Latest Update – September 15, 2022
Domestic food price inflation remains high around the world. Information between May to August 2022 shows high inflation in almost all low-income and middle-income countries; 93.3 percent of low-income countries, 90.9 percent of lower-middle-income countries, and 93 percent of upper-middle-income countries have seen inflation levels above 5 percent, with many experiencing double-digit inflation. The share of high-income countries with high inflation has also increased sharply, with about 85.7 percent experiencing high food price inflation.
Since the last update issued on August 11, 2022, the agricultural price index has remained relatively stable and is currently only 1 point higher. Wheat, maize, and rice prices are 17 percent, 29 percent, and 6 percent higher, respectively, than in September 2021. Wheat and maize prices are 31 percent and 34 percent higher, respectively, than in January 2021, and rice prices are 15 percent lower. (See “pink sheet” data for agricultural commodity and food commodity prices indices, updated monthly.)
The war in Ukraine has altered global patterns of trade, production, and consumption of commodities in ways that will keep prices at high levels through the end of 2024 exacerbating food insecurity and inflation. According to the 2022 Global Report on Food Crises Mid-Year Update, the number of people in food crisis or worse is forecast to reach up to 205.1 million in 45 of the 53 countries/territories.
Following the start of the war in Ukraine, trade-related policies imposed by countries have surged. The global food crisis has been partially made worse by the growing number of food trade restrictions put in place by countries with a goal of increasing domestic supply and reducing prices. As of September 15, 2022, 21 countries have implemented 30 food export bans, and six have implemented 11 export-limiting measures.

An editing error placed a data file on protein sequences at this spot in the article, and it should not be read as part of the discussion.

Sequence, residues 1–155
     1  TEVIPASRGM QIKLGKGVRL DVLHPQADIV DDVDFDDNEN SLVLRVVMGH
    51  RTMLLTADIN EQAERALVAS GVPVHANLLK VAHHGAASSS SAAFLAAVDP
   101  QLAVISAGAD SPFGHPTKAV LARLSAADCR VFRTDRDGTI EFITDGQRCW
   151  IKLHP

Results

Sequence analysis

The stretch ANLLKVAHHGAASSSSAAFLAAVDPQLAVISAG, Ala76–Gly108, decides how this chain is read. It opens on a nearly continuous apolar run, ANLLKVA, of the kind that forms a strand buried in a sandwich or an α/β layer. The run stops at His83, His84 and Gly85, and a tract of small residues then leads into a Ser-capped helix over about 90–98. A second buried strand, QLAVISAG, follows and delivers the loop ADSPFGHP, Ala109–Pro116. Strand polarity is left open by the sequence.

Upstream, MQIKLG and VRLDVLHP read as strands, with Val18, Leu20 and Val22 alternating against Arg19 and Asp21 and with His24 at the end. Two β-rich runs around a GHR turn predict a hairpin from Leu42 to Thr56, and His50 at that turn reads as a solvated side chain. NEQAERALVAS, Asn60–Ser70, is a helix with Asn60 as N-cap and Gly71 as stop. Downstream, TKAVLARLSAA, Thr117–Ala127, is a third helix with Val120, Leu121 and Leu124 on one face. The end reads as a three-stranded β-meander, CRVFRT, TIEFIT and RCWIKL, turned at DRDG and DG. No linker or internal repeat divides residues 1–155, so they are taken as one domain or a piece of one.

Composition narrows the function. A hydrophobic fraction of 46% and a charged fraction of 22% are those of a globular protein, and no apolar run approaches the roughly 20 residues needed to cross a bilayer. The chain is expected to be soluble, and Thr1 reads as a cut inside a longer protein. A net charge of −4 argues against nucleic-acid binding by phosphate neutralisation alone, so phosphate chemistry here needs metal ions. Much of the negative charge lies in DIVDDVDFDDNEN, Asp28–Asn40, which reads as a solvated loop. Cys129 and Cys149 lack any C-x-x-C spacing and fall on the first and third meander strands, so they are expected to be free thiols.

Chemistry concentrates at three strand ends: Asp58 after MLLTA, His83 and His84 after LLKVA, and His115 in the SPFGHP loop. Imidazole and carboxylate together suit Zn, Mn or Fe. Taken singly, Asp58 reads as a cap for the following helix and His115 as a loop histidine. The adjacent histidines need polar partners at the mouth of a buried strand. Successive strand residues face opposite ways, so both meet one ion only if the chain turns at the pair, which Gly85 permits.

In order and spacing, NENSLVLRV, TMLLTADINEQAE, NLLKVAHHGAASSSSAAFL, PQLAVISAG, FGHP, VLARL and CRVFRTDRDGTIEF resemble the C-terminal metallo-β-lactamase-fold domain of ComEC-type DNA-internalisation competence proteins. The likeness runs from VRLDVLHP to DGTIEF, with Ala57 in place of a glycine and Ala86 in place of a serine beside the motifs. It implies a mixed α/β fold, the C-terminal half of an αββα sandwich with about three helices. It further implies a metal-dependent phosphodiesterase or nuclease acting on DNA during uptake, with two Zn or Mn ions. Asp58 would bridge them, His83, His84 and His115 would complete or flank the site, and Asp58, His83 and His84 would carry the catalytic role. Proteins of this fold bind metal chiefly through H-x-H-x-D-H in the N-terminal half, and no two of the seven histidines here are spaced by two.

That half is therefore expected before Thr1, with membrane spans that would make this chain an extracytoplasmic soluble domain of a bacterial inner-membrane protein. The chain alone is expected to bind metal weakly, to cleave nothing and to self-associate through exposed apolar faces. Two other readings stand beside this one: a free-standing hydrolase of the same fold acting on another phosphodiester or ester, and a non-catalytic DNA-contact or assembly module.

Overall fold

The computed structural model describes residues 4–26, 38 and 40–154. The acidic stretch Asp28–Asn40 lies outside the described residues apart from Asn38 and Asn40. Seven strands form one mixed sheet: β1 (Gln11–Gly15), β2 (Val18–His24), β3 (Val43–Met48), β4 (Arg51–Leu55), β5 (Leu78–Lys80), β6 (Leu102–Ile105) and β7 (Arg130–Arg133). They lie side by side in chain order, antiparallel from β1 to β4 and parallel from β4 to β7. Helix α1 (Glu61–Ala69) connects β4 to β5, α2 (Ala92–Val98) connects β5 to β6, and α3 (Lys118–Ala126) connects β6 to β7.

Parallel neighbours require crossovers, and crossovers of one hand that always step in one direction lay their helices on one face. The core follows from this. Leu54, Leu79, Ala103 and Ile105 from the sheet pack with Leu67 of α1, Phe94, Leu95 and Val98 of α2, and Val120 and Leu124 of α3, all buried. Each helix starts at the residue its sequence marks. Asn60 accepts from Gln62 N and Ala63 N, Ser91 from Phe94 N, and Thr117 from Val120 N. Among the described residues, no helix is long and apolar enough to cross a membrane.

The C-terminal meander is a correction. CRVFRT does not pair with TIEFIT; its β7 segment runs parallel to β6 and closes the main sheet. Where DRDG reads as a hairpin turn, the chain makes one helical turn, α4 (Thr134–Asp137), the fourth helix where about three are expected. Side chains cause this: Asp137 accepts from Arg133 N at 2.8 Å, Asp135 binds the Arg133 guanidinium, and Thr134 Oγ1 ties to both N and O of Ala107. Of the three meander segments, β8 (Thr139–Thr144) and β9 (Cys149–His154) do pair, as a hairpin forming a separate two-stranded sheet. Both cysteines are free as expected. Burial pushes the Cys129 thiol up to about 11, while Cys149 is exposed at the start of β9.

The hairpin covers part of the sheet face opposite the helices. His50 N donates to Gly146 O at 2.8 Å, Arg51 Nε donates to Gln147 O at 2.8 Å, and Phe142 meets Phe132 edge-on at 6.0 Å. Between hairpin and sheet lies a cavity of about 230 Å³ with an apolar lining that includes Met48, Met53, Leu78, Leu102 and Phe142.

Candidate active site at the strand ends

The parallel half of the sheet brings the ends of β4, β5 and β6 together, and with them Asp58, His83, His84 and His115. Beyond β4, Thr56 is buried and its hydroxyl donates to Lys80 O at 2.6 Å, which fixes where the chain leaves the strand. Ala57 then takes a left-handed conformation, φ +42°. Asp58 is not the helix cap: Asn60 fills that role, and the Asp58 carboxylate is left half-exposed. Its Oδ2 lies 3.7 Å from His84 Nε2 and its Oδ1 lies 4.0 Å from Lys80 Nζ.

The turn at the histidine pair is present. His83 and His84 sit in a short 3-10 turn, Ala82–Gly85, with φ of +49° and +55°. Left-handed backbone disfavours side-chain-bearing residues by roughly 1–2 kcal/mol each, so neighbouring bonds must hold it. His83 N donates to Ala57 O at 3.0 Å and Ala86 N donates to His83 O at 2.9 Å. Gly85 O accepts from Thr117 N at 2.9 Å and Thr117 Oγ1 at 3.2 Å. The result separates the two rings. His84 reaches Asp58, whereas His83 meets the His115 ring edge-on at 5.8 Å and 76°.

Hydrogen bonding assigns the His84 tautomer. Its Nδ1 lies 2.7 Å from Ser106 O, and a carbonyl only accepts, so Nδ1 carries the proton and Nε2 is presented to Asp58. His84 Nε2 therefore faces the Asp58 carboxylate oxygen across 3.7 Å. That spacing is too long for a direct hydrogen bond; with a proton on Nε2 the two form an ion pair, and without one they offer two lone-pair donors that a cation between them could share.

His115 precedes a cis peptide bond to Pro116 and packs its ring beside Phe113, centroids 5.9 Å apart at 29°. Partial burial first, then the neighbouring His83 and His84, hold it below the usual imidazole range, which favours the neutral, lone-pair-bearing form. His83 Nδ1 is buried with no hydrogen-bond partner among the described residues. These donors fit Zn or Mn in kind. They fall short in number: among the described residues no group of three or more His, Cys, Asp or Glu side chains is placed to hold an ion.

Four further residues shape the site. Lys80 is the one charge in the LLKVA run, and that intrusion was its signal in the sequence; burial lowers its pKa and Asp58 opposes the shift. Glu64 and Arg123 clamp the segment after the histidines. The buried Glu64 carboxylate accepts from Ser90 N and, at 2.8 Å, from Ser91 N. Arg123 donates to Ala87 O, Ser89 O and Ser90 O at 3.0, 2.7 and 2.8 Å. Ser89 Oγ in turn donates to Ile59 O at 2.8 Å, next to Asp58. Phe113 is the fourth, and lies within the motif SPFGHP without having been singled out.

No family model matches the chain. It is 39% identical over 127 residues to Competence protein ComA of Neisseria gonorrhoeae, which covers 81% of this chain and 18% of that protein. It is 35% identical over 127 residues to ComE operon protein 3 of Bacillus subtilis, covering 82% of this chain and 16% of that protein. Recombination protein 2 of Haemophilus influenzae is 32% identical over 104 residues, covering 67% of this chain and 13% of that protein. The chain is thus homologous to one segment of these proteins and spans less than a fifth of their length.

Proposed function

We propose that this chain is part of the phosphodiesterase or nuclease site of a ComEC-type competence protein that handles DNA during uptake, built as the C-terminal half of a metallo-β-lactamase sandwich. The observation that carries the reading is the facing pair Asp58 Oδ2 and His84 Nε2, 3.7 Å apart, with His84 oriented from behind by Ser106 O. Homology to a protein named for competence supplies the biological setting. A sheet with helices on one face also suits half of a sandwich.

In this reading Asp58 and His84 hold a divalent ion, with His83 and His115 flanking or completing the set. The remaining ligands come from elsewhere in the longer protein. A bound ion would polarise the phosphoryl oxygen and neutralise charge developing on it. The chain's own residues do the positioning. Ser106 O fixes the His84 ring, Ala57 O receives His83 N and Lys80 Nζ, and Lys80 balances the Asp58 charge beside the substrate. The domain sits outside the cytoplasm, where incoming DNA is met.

World Bank Action
As part of a comprehensive, global response to the ongoing food security crisis, the World Bank Group is making up to $30 billion available over a period of 15 months in areas such as agriculture, nutrition, social protection, water and irrigation. This financing will include efforts to encourage food and fertilizer production, enhance food systems, facilitate greater trade, and support vulnerable households and producers:
- A $300 million project in Bolivia that will contribute to increasing food security, market access and the adoption of climate-smart agricultural practices.
- A $315 million loan to support Chad, Ghana and Sierra Leone to increase their preparedness against food insecurity and to improve the resilience of their food systems.
- A $500 million Emergency Food Security and Resilience Support Project to bolster Egypt's efforts to ensure that poor and vulnerable households have uninterrupted access to bread, help strengthen the country's resilience to food crises, and support to reforms that will help improve nutritional outcomes.
- A $130 million loan for Tunisia, seeking to lessen the impact of the Ukraine war by financing vital soft wheat imports and providing emergency support to cover barley imports for dairy production and seeds for smallholder farmers for the upcoming planting season.
- The $2.3 billion Food Systems Resilience Program for Eastern and Southern Africa, helps countries in Eastern and Southern Africa increase the resilience of the region’s food systems and ability to tackle growing food insecurity. The program will enhance inter-agency food crisis response also boost medium- and long-term efforts for resilient agricultural production, sustainable development of natural resources, expanded market access, and a greater focus on food systems resilience in policymaking.
In May, the World Bank Group and the G7 Presidency co-convened the Global Alliance for Food Security, which aims to catalyze an immediate and concerted response to the unfolding global hunger crisis.
For more examples, visit the Food Security Projects page here.
Last Updated: Sep 15, 2022